"Joe hates the holidays."
I overheard my wife say it to her parents last year, no doubt an explanation of my perpetual grumpiness. But while it didn't surprise me, it broke my heart nonetheless. Because I didn't always project an intense dislike for the season of Christmas and everything that comes along with it. I used to shake with glee as a child on Christmas Eve, nestled next to my grandmother's refrigerator, watching family members from the window sill, roll up one by one. I believed in Santa, I believed my family would live forever, and I believed wholeheartedly in the magic of Christmas. It was a time of pure childhood euphoria.
Time pressed on. As a young adult, I would still take my seat next to that same refrigerator, a steadfast traditionalist even as a teenager, as the remaining family members were viewable rolling up to the front of the house, one by one. I didn't believe in Santa anymore, I was painfully aware that my family was mortal, and a bit of that Christmas magic was fading.
As a full-blown grown-up, it became increasingly more difficult to get into the spirit of the season. Christmas became less about togetherness and giving and became tainted with the stresses of bills, shopping, and keeping up familial appearances. Long gone were the days of sitting perched upon that high-boy chair next to grandma's refrigerator, eagerly anticipating a visit from the mysterious man in red. However, as I gathered with my wife, mother, and family around the table, there was still that moment of serenity, of profound love, that the Christmas season was always marked by, no matter what my age.
In 2009, my wife, Sonia, gave birth to our first child, Antonio. Several months later, as his stocking was being hung near the chimney, it became clear: I had a brand new role to play at Christmastime. I was now my parents and Sonia and I would be grooming Antonio (and two years later, his brother Nate) to be that elated child next to grandma's refrigerator. It was an exciting, yet daunting task. We were the gatekeepers of the biggest day of the kid calendar, for better or worse.
But something changed in 2012. My mother suddenly passed away. As far as I was concerned, Christmas died with her. The joyous memories ingrained in my mind of Christmas Eve and morning were plastered with her face. Her beaming smile and bubbling pot of gravy, her insistence on a hugging sibling picture in front of the tree before a single piece of wrapping paper was touched. She was Christmas. And even though I was taking over her old job, I didn't think I had it in me to perform the role with the disposition that it demanded. So for Christmas 2012 and 2013, I morphed into that guy who hates the holidays. Changing the radio station with fury after a single note from Johnny Mathis and grunting through the transport of gifts. I still wore the Santa hat; I still smiled like my life depended on it for family photos in front of the tree. But I didn't feel it. I simply wanted it to be over, like a television series you once adored but had stayed long past its welcome.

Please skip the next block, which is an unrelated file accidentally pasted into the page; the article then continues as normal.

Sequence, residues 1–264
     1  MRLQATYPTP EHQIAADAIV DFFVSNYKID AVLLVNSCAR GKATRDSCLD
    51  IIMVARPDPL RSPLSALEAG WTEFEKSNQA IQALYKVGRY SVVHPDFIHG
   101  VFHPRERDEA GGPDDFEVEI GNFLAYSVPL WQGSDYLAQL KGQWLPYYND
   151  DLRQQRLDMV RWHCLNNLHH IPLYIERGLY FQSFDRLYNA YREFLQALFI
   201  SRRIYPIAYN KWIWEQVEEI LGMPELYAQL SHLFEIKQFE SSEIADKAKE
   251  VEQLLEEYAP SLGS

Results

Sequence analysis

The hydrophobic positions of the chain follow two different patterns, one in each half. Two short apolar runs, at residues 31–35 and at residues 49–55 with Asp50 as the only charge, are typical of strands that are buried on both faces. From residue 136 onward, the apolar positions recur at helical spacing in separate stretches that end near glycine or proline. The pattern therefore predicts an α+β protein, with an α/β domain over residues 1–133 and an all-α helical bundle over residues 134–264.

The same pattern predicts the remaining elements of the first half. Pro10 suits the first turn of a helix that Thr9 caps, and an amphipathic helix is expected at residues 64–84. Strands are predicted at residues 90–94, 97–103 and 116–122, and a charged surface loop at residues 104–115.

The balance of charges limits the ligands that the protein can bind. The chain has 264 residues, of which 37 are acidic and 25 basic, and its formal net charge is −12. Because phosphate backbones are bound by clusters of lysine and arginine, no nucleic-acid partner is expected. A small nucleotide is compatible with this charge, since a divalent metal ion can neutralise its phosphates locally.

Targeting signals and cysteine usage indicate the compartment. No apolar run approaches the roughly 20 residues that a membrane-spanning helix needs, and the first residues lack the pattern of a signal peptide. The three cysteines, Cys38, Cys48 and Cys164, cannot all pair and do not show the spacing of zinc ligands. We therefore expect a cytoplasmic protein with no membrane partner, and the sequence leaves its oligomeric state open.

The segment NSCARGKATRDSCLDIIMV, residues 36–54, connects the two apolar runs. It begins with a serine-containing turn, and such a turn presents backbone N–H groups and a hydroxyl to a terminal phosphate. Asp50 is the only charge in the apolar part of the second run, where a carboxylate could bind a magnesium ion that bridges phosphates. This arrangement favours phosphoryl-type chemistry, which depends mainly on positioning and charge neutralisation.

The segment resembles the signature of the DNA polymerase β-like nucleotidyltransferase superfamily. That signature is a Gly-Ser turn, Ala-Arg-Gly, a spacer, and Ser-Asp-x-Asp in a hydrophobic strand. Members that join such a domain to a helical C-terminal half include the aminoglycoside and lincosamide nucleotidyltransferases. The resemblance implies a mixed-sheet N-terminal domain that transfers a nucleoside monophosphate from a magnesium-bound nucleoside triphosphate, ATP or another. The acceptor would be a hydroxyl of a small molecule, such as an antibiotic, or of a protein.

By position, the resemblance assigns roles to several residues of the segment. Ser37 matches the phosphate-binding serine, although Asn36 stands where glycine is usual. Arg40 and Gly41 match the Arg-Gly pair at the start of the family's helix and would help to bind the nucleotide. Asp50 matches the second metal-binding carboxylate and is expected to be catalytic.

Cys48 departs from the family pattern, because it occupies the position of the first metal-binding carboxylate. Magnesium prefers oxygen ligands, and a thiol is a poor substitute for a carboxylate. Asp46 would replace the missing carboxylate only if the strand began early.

This year, I feared that I'd feel the same. At times, I do. But last week, I witnessed something that sparked a glimmer of hope, and it opened my eyes to the idea that Christmas could still be joyous for me, despite the loss of its gatekeeper. My sister had invited us over on a Thursday night to receive a special visit from Santa himself, who was apparently doing house calls. I had never considered that this visit could mean more to me than it would for my kids.
As we all collectively waited for his arrival, my sons, along with my nephew and niece, hopped up and down repeatedly. Their enthusiasm was downright infectious. They giggled like, well, school boys, as Santa pounded on the front door before poking his head inside with a thunderous "ho ho ho!" Each of the four children were thrilled to discover they were all on the "nice list" and even received certificates. It was pure jubilation as they gripped their papers and candy canes, the older boys speculating if this Santa was legit. After declaring this Santa the real article, my 6-year-old nephew Tyler bellowed, "We're all very lucky kids!" But I felt like the lucky one. Because in that moment, I felt the magic of Christmas that had escaped me since mom had died. I couldn't think of a single reason why I shouldn't be smiling.
And I finally started to warm up to my new role as the gatekeeper. I jumped in and fueled the speculative fire, asking why the boys thought this Santa was the real deal, speaking in that same wondrous timbre that I remember my parents delivering to me. I was happy to finally welcome back a piece of myself that had been missing for so long.
Me with my two boys, Antonio and Nate, during our Christmas card photo shoot
When I was a young adult, I was blown away by the performances in the film Glengarry Glen Ross. Al Pacino dazzled with his typical show-stealing charisma as Ricky Roma, and Jack Lemmon shone as the cunning veteran, Shelley Levene. And just last year, I was thrilled to receive a ticket to a Broadway performance of the play, starring Pacino himself. Only this time he was playing the Jack Lemmon role. He was too old to still play Ricky Roma. It felt a bit odd seeing Pacino play an entirely different part than what I was used to, but at the same time, I was grateful to have him as part of the production.
And I realize that life is like that. We all get older, we all take on new roles, but we're lucky if we still have some of the original cast members around.
From my keyboard to your hearts, here's wishing you a peaceful, joyous holiday season with as many original cast members as you can assemble.